Our Own Way

How do we, who pursue a creative path, find this path, our own path or our own way through the jungle of possible expressions and possibilities? How do we navigate our way through this maze towards something that feels genuinely and authentically ours?

The question came up during a workshop I just taught. One of the younger participants expressed frustration about this struggle to figure out who she is artistically and what her path would be. As such, it’s struggle most artists and creatives grapple with or has grappled with. In fact, we all do, at some point, if not all the time. What we are try to figure out gives cause for much frustration, because the path is not visible from the onset, only when looking back after having walked it.

A week has passed since I got back from my latest photo tour. It took place in the lush and beautiful Nicaragua with participants from both Europe and USA. Always, after an intense week of organizing and teaching a photo tour or workshop, I need time to process the impressions and thoughts from the trip. Among others, has been this question about navigating our path.

My immediate response to the participant was to just walk on. Try different directions; try different approaches, even if you start out feeling blindfolded. If you come across some work from other artists that resonate with you, copy it, try it out yourself. Be open-minded for what may come into your exploration. Be curious, and don’t try to define yourself, who you are and in what direction you need to move artistically, particularly not when you are in the beginning of your creative pursuit. You won’t find your way, it will find you—if you let it.

Imagine a world of only two possible paths to travel. One is the path of reason and certainty. Well trodden, well mapped, it is a path of averages: average pleasures, average pain, average joy, average sorrow. Above all, average results. Along this road, you are certain to experience an aggregate blend, a mean, the middle of what’s possible.

The scond path is your path. Springing from within and obeying your heart’s compass, it is unique to you. Your path isn’t devoid of reason or certainty, but it’s not trapped by them, either. It’s not average because there is no data set to establish an average. Just you. At every intersection, you choose the direction using all your faculties, not just reason: intuition, instinct, heart. This might seem like the risky choice, but it’s far riskier to play it safe. On your path, nothing you do is perfect, but all of it is right. You are doing the best you can with everything you have, in tune with your authentic self. Because of this, nothing you do is ever wasted. Every experience contributes to this journey.

Life is about choices. And so is the creative pursuit. Even when we have no clue about where to go. We just have to start walking in one direction, whichever feels right or just happens to be showing up. Of course and since you don’t know what you are doing, the choice may not be the one for you. That’s OK. If you really aren’t suited to it, you are free to go back to the drawing board. But commit to finishing a few pieces of work before moving on. You will learn something about yourself in the process. Each and every step along the creative path is a step forward; there is no wrong turns for an artist, only branches in a continuing evolution as you learn to express yourself.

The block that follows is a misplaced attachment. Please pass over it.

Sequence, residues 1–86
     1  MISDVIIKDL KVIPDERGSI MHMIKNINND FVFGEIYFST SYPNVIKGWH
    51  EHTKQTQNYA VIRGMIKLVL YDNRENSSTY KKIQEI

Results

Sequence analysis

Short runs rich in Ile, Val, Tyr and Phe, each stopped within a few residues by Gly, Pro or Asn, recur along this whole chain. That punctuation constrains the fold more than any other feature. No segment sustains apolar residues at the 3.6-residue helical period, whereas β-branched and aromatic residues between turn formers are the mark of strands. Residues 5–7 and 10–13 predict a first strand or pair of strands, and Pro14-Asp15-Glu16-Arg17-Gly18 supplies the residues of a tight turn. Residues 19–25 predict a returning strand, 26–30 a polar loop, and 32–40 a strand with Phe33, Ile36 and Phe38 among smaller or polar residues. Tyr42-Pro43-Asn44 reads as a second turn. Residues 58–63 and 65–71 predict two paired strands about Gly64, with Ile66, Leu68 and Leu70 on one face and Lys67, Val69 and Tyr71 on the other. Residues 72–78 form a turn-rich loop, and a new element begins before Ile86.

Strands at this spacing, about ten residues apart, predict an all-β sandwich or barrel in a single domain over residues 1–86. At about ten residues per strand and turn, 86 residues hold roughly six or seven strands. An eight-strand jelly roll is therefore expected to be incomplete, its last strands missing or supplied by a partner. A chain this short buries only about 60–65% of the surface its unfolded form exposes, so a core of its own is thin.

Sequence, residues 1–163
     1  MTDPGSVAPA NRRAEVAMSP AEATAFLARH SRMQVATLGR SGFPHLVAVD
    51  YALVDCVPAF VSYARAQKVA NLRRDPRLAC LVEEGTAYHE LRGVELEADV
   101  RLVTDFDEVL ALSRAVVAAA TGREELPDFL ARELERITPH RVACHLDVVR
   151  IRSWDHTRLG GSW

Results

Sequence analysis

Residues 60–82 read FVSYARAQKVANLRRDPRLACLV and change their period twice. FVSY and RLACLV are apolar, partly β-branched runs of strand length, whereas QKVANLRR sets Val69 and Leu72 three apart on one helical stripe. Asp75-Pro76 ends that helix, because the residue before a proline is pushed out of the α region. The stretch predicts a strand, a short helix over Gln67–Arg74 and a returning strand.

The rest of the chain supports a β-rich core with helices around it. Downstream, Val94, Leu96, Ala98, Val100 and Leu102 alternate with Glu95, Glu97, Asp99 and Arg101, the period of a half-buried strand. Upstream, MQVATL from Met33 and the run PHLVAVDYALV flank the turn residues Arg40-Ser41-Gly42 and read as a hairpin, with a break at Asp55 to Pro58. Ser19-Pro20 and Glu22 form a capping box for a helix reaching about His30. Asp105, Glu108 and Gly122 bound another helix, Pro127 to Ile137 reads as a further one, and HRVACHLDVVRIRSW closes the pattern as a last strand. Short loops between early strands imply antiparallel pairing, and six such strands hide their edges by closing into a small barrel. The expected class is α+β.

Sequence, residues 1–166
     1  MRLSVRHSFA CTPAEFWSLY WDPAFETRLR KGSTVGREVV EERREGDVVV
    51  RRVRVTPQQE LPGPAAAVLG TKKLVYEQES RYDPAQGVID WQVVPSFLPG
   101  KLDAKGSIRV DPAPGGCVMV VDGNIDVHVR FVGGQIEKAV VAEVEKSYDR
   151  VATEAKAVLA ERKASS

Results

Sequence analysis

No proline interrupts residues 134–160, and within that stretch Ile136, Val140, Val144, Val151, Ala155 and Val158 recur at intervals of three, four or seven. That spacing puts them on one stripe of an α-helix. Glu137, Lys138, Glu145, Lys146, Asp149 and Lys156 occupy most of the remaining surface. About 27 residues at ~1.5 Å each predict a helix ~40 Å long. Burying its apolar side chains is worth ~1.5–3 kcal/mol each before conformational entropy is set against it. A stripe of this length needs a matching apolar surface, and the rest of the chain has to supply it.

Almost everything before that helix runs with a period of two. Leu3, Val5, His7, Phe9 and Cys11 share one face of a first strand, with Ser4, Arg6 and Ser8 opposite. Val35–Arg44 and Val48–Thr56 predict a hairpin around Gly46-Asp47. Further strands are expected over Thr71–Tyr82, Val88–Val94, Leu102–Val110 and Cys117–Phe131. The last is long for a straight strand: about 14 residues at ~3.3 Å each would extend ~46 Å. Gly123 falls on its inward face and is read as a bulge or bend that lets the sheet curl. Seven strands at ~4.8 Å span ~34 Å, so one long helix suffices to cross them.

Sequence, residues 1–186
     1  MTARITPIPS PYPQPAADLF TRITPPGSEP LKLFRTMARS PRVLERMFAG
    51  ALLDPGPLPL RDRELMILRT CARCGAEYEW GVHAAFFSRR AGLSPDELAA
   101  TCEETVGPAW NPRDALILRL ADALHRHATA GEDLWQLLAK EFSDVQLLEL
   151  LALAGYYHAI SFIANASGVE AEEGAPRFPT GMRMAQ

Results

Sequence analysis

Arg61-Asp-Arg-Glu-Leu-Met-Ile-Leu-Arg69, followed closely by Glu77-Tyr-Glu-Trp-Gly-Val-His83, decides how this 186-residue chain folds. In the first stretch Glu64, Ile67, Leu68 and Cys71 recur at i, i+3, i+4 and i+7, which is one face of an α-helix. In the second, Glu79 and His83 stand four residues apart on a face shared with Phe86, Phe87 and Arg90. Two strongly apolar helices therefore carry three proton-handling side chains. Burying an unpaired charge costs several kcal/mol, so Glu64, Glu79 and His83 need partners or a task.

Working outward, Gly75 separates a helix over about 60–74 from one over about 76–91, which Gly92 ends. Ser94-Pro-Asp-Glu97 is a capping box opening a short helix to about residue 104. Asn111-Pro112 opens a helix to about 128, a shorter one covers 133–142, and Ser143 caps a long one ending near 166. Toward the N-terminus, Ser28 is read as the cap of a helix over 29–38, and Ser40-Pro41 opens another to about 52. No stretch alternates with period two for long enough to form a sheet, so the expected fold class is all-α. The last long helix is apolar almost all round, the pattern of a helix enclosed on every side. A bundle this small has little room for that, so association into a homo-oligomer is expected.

What matter is that you start. Start before you are ready. Start with fear. Start with uncertainty. Just start. That’s the only way to go about finding your own path.

Photos are taken during the photo tour in Nicaragua.


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The Creative Habit

Creative blocks are something all creative persons experience, no matter in what field. I wrote about it in my last blog post. One of the best ways to counteract these blocks is by establishing regular routines or habits. That’s a way to get into flow, daily, without having to even think about it.

You may have heard about Ernest Hemingway. He made it a habit to write every morning. He liked to start early, around six o’clock, sometimes not even bothering to dress. He once said, “By writing in the mornings, you make sure that writing does get done.” Hemingway would write until noon and then he could often take the rest of the day off. He wrote standing up, facing a chest-high bookshelf with a typewriter on the top, and on top of that a wooden reading board.

Also Twyla Tharp, the renowned American dancer, choreographer, and author, starts her morning with a regular routine. She wakes up every morning at five-thirty and takes a cab to the gym. And then practice her dancing routine for a couple of hours. In her book The Creative Habit she writes: “It’s vital to establish some rituals—automatic but decisive pattern of behaviour—at the beginning of the creative process, when you are most at peril of turning back, chickening out, giving up, and going the wrong way.” And continues: “A lot of habitually creative people have preparation rituals linked to the setting in which they choose to start their day. By putting themselves into that environment, they begin their creative day.”

I think both establishing habits to get started with whatever creative work one does and do so in the morning, preferable as the first think one do, will work wonders for the creative process. In fact, I have spent the last month finding a workable morning routine and making it into a habit that really gets my day started creatively.

I have always had to fight procrastination. I would often not start to do whatever work I had to do before I really needed to, maybe because of an imminent deadline. There is always so much fun or interesting things, I could rather do. Funny enough, though, when I get started with photographing, editing or writing, I always enjoy it. Still, I often have had to push myself initially. People with more psychological insight than me point to the fact that creating in and of itself means to explore the unknown and new. And we human beings don’t feel comfortable with the unknown. We are safe when we can be in a known environment. Being creative pushes us out of that safe zone.